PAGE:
Doubts over the strength of the UK's recovery are persisting despite figures showing an end to the longest double-dip recession since 1950.
Output jumped by 1% between July and September but the fastest growth for five years was flattered by the effect of the Olympic Games and a bounce back from the Queen's Diamond Jubilee celebrations in the previous quarter.
As car giant Ford announced 1,400 job losses and the closure of two UK sites, Chancellor George Osborne said that the UK was on the right track but there was "still a long way to go".
The UK has been battling against sluggish consumer spending, Government cuts and high unemployment, while the struggling eurozone has hit exports.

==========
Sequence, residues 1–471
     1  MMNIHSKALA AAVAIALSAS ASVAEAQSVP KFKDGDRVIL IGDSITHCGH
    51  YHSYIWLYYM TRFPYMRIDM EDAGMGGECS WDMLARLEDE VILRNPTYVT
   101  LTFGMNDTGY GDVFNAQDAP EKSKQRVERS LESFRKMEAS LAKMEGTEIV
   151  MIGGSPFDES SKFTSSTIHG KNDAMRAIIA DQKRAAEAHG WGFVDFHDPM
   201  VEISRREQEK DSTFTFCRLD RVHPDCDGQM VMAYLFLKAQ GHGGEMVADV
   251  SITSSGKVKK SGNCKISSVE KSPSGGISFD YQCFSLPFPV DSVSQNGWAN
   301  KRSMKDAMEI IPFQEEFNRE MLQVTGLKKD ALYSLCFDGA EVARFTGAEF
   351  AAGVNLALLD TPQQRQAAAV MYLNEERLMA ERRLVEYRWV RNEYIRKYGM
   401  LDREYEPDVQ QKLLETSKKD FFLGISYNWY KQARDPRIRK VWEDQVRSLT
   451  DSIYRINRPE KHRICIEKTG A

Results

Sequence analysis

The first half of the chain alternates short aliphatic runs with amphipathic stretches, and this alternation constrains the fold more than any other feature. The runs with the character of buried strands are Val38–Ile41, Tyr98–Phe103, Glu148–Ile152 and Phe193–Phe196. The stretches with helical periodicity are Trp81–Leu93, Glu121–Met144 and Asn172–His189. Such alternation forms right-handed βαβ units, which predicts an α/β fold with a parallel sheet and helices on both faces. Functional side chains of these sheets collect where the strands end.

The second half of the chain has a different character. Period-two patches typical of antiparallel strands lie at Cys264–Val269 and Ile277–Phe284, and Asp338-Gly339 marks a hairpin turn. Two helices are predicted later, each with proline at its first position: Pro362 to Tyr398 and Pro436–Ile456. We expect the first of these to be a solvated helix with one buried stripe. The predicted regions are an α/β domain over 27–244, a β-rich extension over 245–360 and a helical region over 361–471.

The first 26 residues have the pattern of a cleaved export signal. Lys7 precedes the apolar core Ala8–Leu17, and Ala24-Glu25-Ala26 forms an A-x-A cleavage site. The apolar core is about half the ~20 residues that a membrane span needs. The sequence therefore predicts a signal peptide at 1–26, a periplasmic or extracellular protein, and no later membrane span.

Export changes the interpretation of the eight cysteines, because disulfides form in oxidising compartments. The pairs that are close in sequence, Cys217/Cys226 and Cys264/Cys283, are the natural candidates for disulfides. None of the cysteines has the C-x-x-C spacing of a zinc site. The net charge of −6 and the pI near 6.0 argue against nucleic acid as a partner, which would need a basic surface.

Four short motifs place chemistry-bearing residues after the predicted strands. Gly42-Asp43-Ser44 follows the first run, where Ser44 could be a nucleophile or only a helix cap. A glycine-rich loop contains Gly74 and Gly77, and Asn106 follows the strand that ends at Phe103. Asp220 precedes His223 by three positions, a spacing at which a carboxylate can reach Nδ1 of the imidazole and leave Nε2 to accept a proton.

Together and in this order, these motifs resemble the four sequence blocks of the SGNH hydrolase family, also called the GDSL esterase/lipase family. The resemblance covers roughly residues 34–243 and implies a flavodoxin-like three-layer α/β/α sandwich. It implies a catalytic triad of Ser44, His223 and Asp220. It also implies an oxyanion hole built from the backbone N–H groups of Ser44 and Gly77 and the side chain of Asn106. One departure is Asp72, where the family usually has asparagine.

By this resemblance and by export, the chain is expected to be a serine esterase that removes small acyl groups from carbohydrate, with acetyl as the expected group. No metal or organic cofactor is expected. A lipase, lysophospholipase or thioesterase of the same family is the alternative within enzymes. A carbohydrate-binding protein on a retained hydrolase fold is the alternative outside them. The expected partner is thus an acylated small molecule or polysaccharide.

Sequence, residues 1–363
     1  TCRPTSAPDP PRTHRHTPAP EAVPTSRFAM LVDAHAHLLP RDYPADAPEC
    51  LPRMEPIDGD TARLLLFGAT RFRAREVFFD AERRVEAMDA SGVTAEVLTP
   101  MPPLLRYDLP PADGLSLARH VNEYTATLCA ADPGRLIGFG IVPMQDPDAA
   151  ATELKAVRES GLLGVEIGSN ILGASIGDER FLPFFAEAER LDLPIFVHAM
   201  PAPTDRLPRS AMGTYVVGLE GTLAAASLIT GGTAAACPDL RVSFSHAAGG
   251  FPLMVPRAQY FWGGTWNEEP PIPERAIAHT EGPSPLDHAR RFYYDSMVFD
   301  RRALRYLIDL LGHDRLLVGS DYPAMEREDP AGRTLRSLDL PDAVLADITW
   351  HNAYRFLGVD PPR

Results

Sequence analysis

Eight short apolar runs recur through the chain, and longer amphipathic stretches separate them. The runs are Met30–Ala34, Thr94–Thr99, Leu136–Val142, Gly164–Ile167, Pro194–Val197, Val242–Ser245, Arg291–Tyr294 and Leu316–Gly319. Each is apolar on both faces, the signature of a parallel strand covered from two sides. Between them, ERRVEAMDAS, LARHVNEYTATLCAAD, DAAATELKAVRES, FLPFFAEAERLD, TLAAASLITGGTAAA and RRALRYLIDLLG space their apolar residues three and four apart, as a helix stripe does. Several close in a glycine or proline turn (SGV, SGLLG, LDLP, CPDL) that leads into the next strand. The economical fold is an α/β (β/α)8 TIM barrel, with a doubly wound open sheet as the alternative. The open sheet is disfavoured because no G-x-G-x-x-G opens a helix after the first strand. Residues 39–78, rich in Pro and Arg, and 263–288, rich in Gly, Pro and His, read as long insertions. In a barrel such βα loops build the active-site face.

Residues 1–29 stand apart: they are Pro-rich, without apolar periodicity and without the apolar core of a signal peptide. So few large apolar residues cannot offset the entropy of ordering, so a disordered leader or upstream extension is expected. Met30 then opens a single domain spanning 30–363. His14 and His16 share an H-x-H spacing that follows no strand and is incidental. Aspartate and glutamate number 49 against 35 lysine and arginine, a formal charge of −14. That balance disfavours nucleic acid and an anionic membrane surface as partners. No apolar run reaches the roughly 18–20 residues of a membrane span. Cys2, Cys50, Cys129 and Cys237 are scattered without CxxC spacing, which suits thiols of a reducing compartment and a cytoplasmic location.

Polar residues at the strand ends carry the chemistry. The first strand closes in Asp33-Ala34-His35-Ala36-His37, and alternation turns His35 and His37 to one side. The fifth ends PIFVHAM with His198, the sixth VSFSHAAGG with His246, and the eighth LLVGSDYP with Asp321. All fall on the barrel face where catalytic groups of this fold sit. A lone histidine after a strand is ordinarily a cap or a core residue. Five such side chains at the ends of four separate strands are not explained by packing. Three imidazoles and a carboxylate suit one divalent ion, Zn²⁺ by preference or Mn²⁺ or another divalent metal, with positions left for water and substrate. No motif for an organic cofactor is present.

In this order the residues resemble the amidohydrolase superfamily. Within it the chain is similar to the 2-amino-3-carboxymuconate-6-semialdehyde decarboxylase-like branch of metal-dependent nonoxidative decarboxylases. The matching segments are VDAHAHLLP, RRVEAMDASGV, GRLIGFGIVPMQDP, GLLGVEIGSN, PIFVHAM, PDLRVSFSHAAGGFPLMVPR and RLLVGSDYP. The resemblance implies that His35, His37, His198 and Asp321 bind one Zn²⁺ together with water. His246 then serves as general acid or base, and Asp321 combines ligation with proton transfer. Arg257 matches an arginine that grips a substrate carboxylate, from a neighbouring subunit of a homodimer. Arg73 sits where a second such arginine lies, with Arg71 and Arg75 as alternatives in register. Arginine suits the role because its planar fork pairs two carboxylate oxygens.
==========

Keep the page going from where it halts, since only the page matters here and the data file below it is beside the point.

While the third quarter beat expectations and grew at the fastest pace since the third quarter of 2007, the economy is still 3.1% below its peak in the first quarter of 2008.
Howard Archer, chief UK and European economist at IHS Global Insight, said the economy is "far from out of the woods" and added it was "premature for the Chancellor to contemplate singing in his bathtub".
The third quarter had one more working day than the previous quarter, due to the Queen's Diamond Jubilee, which would have affected the estimate, the ONS said.
Olympic ticket sales increased GDP growth in the period by 0.2 percentage points, while the event is likely to have lifted a range of other services including employment agencies, creative arts, office administration, accommodation and food and beverages.
Shadow chancellor Ed Balls welcomed the economy's emergence from recession but said the Government needed to do more to "secure and strengthen" growth.
He said: "Today's figures show that underlying growth remains weak and that our economy is only just back to the same size as a year ago - 12 months of damaging flatlining which has seen borrowing rise in the first half of this year."